Today our justice system has a multitude of options when dealing with those who are convicted of offenses. However, many argue that retributive justice is the only real justice there is. This is mainly because its advantage is that it gives criminals the appropriate punishment that they deserve. The goals of this approach are clear and direct. In his book The Little Book of Restorative Justice, Zehr Howard (2002), illustrates that the central focus of retributive justice is offenders getting what they deserve (p. 30). This reflection paper will first address the advantages of using retributive justice approach in three court-cases. Second, it will discuss the disadvantages of using retributive justice approaches by analyzing the three court-cases listed above. Third, it will elaborate on ways that the system could have used restorative justice processes in the cases, as well as present potential outcomes that could have been reached if restoration justice was taken into consideration.
Within the judicial and criminal justice systems, restorative justice is seen as a forward moving process in regards to the way in which the sentencing of offenders is handled (Britto & Reimund, 2013). Restorative justice works to focus on the needs of both the victim and the offender but incorporates the community as well as those who support both the victim and offender (Britto & Reimund, 2013). The approach of restorative justice in not simply a means by which society responds to and reduces crime but instead, provides an equivalently valuable social response to crime (Dancig-Rosenberg and Galt, 2013). Furthermore, the restorative approach places emphasis on the personal and relational harms which were caused by the crime while creating space for dialogue concerning the actual damage, whether directly or
This type of justice system is designed very differently when compared with the retributive justice system. The restorative justice system endeavours to bring the victim and the offender together and allow them to speak with each other in the hopes to support the healing process. It will enable the victims to express themselves to the offender and lets the offender apologize and express their feelings to the victim. The restorative justice system often offers the victims of crime closure. The system encourages both parties to reveal themselves to each other and develop a solution for the future to satisfy both parties involved. A study done by Criminal justice inspection Northern Ireland found the rate of recidivism went down when young offenders were diverted into restorative justice furthermore study concludes that people were often quite pleased with the outcome of the restorative justice(Restorative Justice Council,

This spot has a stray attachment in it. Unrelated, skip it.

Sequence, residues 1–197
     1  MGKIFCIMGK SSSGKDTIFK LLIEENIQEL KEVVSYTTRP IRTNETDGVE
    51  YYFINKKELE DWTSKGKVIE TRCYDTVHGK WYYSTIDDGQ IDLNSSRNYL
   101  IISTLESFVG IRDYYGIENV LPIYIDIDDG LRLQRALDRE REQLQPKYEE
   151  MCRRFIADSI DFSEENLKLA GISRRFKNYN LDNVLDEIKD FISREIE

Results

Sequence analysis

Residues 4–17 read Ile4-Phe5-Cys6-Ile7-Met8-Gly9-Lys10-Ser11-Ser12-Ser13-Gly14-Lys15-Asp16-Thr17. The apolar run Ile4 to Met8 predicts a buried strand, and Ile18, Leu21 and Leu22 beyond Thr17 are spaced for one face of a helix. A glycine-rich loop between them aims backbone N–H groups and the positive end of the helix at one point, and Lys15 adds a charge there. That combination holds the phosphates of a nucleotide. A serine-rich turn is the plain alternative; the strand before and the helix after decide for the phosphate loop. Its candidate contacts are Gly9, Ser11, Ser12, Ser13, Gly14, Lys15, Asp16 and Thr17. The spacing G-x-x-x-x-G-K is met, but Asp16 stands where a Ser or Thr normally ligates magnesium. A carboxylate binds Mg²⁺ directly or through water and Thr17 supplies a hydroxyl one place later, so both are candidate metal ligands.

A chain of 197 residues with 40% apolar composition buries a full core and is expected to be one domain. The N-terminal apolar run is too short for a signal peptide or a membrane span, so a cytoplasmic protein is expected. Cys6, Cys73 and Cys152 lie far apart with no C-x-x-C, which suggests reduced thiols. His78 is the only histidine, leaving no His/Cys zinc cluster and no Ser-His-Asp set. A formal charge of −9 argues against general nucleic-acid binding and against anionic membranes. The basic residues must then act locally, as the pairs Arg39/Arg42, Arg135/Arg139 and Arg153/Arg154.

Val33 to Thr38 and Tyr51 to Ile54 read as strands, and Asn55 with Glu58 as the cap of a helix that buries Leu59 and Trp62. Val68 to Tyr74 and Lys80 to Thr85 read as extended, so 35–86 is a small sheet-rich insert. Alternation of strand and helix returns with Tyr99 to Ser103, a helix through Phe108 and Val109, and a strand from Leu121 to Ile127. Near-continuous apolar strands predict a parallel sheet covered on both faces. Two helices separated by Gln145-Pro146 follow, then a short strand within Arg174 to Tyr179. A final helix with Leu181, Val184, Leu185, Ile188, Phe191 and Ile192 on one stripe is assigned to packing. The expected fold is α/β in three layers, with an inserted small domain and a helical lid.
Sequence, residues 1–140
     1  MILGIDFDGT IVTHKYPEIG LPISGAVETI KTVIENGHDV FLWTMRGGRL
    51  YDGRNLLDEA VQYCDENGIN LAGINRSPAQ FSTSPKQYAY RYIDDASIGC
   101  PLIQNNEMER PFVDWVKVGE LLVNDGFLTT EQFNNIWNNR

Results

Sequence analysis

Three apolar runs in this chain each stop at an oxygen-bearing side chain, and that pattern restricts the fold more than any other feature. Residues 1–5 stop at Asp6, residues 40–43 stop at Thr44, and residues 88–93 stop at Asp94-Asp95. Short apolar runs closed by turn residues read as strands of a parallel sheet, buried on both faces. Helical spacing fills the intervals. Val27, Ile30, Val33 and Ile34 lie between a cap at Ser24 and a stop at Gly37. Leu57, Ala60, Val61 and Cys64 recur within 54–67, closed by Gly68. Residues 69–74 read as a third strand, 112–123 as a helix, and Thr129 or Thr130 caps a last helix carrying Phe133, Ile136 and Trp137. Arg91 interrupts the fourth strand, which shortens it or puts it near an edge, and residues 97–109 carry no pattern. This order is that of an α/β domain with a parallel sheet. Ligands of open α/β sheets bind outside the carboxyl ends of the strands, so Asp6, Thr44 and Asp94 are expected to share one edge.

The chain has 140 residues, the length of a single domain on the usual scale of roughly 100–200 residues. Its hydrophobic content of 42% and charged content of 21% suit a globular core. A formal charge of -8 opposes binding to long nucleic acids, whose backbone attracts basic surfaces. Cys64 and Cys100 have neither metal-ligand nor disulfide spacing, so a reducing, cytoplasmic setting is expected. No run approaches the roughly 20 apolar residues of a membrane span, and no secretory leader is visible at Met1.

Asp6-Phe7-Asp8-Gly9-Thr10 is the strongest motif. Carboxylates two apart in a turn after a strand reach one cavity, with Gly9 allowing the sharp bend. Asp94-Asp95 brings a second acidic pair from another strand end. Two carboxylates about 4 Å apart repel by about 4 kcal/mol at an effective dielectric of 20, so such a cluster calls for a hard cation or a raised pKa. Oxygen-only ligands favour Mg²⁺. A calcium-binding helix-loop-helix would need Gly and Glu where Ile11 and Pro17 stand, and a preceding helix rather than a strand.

There is some theoretical ambiguity in the meaning of Restorative Justice in spite of the many definitions and studies done on the subject. Restorative Justice has been defined as “an ethos with practical goals, among which to restore harm by including affected parties in a (direct or indirect) encounter and a process of understanding through voluntary and honest dialogue.” It is primarily concerned with the reinstatement of victims to life before the crime, restoration of the Offender to a well behaved and lawful life, restoration of the injury caused to the community and the creation of a better society in the present and the future.
There are indication that most criminals have a juvenile records in the US, indicating that crime manifests from a tender age. Therefore, to reverse the incidence of crime, it follows that the best strategy is to reduce the criminal orientation in the juvenile offenders as opposed to hardening them and preparing them for criminal careers. The case of the Crossroads Juvenile Center demonstrates the willingness of the juvenile justice systems to make these changes on the children.
The extent that I see justice practices meeting the philosophical goals of the juvenile justice system has moved toward a retributive justice philosophy that gives punishment priority. The juvenile justice systems new approach is more of a balanced approach with a philosophical framework. The balanced and restorative approach provides a significant change in toles and image of the juvenile justice system from a revolving door to a resource. The resource makes juvenile offenders accountable and enhances the quality of life within communities by community restoration using preventive services to help improve the safety of the community.
For generations, the argument whether juveniles should be waived to adult courts or not has been a prevalent one in our society. Some agree that waiving the juveniles to adult courts will reduce their recidivism rate, due to the harsh sentences and a lifelong record next to their name. However, in light of the argument these individuals fail to consider that the level of maturity of the juvenile is not the same as an adult. The cognitive development of the juvenile is still in process when they are underage, causing them to act impulsively without thinking about the consequences of their actions. In this paper, I will provide information as to why waiving juveniles to adult courts only causes their recidivism rate to increase rather
Batley (2005) stated that restorative justice is about restoring, healing and re- integrating victims, offenders, as well as the society and also preventing further harm. In this assignment, I will be discussing approaches to restorative justice and illustrating their advantages and disadvantages to offending. I will also provide the applications of these five approaches of restorative justice which are retributive approach, utilitarian deterrence approach, rehabilitation approach, restitution approach and restorative approach in the given case study. I will then explain my preferred approach to justice through identifying a personal belief or value that underpins my choice.